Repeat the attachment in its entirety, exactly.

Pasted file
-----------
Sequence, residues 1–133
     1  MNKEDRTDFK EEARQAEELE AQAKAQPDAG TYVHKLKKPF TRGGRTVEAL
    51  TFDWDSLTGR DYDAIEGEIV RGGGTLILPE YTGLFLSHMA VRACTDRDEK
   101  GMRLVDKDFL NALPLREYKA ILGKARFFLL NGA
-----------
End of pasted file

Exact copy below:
Sequence, residues 1–133
     1  MNKEDRTDFK EEARQAEELE AQAKAQPDAG TYVHKLKKPF TRGGRTVEAL
    51  TFDWDSLTGR DYDAIEGEIV RGGGTLILPE YTGLFLSHMA VRACTDRDEK
   101  GMRLVDKDFL NALPLREYKA ILGKARFFLL NGA